had developed a significant sight vocabulary but had difficulty when sounding out unfamiliar words. Ryan also did not recognize some of the consonant sounds, short vowel sounds, r-controlled vowel sounds and most double vowels. Ms. Robillard recommended that Ryan begin the Wilson Reading program. (Exhibit S-8)
Following the evaluation by Medford, an IEP was proposed for Ryan. The proposed IEP dated February 2, 2009 to February 1, 2010, called for Ryan to be educated in a full inclusion program. Due to Ryan’s weaknesses in reading, spelling and written expression, however, the IEP provided specialized instruction and small group instruction for reading and assisted study skills. It also provided accommodations including previewing lessons, chunking material, word banks, study guides and modified spelling lists and tests. (Exhibits S-6 and P-2)
The IEP contained goals for speech and language, reading, academic progress and written expression. Ryan received one 45 minute direct speech and language session per week, three 45 minute direct Wilson Reading sessions per week, one 60 minute session of direct reading services per month and two 45 minute direct assisted study sessions per week.5 This IEP also provided special education support for Ryan during his general education English Language Arts class. Extended school year services were also provided. Ryan would receive 12 hours of tutoring in reading during the month of July. Ryan’s parents accepted the IEP and placement. (Exhibits S-6 and P-2 and 3)
By June 2009, Ms. Hadley, Medford’s speech and language therapist, reported that Ryan had been making progress towards his goal. She noted that Ryan was able to use visualization to recall the main idea and key details of a verbally presented article. He was then able to include 80% of the details of the article when summarizing the article using his pictures. Ryan also exhibited the ability to independently give multiple meanings for given words in three out of five opportunities. Ryan was also able to formulate grammatically correct sentences with 80% accuracy when given models. Ms. Hadley found that Ryan’s progress indicated to her that he would be able to achieve the goal by the end of the IEP period. (Exhibit S-24)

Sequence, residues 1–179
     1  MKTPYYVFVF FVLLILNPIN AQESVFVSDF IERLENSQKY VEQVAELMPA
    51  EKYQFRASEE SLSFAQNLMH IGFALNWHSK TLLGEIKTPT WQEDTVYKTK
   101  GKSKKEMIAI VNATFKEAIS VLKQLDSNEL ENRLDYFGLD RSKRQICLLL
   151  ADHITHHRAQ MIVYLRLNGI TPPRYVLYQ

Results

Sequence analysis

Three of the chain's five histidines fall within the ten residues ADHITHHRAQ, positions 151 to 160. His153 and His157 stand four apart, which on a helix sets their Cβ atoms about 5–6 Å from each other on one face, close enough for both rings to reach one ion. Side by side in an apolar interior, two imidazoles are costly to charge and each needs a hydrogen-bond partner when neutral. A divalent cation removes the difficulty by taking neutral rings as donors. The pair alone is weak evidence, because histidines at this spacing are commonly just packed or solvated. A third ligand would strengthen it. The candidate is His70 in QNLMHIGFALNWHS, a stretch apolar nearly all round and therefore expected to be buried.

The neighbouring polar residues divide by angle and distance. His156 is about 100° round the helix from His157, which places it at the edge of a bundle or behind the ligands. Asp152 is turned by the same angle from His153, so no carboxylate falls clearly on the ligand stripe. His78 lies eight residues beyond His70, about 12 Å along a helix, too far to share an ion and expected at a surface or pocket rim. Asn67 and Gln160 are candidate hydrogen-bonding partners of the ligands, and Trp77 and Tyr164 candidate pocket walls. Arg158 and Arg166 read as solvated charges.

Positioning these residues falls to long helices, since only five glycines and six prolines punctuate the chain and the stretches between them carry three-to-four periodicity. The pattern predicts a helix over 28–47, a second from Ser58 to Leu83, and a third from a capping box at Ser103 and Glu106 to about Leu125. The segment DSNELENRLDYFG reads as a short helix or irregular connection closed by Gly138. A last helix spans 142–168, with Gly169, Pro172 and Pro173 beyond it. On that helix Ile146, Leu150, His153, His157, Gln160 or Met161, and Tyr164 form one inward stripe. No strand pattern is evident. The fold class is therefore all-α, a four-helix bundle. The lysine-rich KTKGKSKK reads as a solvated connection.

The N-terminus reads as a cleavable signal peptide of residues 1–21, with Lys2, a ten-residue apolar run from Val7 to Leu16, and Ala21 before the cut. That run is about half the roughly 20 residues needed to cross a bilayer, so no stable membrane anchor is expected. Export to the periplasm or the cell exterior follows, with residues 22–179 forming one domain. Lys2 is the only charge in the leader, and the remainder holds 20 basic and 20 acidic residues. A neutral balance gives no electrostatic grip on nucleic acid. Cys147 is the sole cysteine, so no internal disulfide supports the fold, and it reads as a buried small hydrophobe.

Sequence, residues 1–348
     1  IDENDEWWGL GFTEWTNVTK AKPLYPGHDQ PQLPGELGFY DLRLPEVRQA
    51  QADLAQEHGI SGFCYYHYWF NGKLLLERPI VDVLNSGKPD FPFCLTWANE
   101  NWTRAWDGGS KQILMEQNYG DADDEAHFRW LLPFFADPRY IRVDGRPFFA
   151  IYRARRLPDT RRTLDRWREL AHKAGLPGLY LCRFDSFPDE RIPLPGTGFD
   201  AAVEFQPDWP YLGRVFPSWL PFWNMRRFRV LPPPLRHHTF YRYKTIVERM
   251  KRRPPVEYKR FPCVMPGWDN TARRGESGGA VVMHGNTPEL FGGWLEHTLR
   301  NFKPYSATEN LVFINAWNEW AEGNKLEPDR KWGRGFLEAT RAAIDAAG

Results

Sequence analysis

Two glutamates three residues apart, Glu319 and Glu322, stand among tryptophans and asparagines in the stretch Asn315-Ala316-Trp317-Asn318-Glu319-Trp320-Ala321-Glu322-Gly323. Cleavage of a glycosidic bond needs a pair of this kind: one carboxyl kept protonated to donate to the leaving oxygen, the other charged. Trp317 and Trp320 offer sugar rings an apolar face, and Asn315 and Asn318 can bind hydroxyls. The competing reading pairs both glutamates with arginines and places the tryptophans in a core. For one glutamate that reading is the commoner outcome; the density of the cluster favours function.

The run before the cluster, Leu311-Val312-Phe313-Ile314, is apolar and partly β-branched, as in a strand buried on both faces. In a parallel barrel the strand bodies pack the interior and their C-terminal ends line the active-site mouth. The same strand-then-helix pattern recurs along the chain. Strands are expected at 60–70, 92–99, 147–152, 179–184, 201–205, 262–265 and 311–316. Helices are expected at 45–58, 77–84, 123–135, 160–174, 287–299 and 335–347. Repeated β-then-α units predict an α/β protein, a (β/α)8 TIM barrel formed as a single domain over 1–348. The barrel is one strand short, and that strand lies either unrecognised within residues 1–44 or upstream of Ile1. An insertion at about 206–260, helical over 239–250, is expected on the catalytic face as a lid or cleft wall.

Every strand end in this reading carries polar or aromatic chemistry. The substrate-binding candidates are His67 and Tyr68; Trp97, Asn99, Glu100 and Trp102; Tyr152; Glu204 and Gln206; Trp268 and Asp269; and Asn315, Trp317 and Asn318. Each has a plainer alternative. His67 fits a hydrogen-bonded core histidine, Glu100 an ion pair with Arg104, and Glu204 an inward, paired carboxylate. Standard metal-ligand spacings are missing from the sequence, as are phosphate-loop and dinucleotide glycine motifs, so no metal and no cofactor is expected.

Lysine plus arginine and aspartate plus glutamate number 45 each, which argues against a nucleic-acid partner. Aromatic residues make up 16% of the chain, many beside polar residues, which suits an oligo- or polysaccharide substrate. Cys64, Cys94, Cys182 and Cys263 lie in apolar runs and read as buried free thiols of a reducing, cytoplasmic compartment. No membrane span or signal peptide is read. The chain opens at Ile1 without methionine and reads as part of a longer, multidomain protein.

As of June 2009, Ryan’s Wilson reading instructor, Ms. Robillard, reported that Ryan had mastered the first four objectives on his IEP, including his ability to learn the sound/symbol relationship for all consonant sounds, short vowels, welded sounds and digraphs; the ability to read and spell short vowel words with up to four sounds with 80% accuracy; the ability to read and spell short vowel words with up to six sounds with 80% accuracy; and, the ability to understand a closed syllable and a closed syllable exception syllable with 85% accuracy. Ms. Robillard further reported that Ryan had completed Step 3.1 of the Wilson
5 The IEP was amended in November 2009 to add an additional speech and language session per week.